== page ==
The city of Gautier has already gathered a crew that will be heading out to Texas to help with recovery, clean up and repair efforts after the storm makes landfall. If you would like to make a donation of supplies, (bottled water, canned goods, hygiene supplies, but NOT CLOTHES), then you may drop off at 1512 Highway 90 Gautier, Mississippi. The crew is currently unsure of when they will depart for Texas, so you still have time to drop off some supplies. 

In regards to our local organizations, The American Red Cross of Pascagoula is arranging to help people affected by Hurricane Harvey as well. “We’re in the middle of mobilizing and have over 100 volunteers on standby”, says Tamica Smith Jeuitt, Regional Director of Communications and Marketing Manager. 

The organization is currently on standby mode to see what specific areas Harvey will impact, but will be working closely with their emergency management partners to monitor every step of the way. “We’re refreshing training, fueling trucks, changing tires-preparing all that we can, so we’re ready to go when they call”.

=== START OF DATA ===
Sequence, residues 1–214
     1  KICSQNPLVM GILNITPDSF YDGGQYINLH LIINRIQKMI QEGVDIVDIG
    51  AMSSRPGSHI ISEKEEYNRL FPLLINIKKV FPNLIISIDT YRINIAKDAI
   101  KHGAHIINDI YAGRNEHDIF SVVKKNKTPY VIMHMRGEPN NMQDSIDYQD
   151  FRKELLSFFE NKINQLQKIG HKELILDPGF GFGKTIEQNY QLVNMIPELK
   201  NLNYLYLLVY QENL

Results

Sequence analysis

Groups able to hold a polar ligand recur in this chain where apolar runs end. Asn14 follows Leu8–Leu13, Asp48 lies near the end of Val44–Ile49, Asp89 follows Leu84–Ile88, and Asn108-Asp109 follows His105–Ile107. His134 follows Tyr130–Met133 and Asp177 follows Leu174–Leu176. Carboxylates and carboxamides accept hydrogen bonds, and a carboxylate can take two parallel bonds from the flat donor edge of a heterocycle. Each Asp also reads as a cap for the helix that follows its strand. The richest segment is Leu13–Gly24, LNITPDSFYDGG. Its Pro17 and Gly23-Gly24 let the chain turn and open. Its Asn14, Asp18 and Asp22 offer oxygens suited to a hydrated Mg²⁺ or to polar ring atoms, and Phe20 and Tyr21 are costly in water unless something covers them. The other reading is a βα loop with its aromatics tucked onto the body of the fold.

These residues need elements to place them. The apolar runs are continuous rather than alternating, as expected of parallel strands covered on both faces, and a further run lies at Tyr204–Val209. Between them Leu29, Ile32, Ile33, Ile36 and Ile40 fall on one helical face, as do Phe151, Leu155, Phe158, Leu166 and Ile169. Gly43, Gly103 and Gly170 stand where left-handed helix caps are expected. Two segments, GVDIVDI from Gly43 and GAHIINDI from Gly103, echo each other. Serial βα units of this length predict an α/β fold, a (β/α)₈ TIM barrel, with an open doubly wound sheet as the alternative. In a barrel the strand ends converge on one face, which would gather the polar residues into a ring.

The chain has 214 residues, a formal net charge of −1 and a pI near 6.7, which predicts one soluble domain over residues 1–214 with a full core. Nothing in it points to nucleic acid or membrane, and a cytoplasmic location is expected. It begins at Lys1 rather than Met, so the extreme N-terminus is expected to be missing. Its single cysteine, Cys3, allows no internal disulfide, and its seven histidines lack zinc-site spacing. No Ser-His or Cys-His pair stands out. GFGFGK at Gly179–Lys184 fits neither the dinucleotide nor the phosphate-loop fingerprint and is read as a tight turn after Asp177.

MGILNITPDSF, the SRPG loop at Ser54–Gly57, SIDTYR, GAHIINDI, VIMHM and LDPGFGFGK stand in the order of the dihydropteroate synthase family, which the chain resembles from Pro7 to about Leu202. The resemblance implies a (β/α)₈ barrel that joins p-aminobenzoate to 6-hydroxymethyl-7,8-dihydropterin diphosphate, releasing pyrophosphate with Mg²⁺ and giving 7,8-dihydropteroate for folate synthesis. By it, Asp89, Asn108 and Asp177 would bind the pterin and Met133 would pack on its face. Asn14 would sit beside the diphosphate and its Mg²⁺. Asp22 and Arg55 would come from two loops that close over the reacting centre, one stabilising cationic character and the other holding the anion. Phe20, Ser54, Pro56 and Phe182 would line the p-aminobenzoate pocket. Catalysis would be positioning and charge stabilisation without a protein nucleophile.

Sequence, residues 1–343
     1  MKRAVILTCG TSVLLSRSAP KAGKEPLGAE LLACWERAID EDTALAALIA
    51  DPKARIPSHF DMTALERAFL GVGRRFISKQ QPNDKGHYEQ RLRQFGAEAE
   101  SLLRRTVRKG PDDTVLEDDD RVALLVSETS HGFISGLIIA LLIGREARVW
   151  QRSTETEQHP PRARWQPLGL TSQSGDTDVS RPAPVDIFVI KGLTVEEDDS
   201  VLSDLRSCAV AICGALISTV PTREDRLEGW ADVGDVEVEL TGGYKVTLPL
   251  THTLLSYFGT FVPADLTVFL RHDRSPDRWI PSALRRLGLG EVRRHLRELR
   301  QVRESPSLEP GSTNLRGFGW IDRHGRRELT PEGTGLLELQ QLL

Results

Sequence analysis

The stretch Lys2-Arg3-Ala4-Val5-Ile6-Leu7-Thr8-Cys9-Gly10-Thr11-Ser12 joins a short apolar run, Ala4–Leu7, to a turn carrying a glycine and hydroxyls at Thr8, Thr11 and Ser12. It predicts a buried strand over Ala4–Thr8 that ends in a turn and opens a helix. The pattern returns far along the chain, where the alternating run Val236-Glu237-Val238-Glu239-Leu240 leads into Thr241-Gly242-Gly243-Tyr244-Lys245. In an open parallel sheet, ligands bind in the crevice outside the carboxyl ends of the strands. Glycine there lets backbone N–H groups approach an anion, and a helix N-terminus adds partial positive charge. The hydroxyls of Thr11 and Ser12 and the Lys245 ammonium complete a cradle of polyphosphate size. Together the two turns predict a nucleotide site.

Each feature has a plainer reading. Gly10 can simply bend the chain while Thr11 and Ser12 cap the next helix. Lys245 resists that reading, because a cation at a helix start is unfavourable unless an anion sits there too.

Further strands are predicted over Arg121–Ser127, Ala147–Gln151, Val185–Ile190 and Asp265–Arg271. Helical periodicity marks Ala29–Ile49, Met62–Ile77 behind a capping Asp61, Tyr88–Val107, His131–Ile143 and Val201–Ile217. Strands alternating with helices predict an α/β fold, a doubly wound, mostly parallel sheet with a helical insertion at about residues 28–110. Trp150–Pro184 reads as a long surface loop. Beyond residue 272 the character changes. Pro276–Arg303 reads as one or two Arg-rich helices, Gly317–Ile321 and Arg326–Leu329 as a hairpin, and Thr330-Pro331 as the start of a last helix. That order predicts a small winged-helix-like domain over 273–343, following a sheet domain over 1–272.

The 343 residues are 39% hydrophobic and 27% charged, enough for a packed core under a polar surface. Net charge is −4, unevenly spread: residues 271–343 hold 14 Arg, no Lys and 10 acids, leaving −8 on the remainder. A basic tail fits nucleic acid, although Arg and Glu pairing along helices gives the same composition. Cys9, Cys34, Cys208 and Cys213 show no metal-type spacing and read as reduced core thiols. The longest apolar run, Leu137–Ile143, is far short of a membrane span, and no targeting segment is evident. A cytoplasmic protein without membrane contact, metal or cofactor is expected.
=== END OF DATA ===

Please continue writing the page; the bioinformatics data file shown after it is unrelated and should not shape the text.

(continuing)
When asked how the people of Jackson County can help, Jeuitt suggested donating monetary funds to the organization and becoming certified to volunteer for future natural disasters. The American Red Cross of Pascagoula works with multiple, local and state-wide vendors and agencies to ensure there is plenty of food and means of shelter to provide for people, but they are “always in a constant replenish mode”, says Jeuitt. 

There will be a disaster cycle service, ‘Just In Time- Shelter Training’, session held tomorrow from 9:00 a.m. to 2 p.m. at locations in Tupelo, Gulfport, Flowood, Laurel and Hattiesburg. Visit their training and certification page on the website for more details. 

You can make a $10 donation to help those affected from Hurricane Harvey by: texting ‘Harvey’ to 90999, visiting their website at redcross.org or calling the Pascagoula location at 228-762-2455.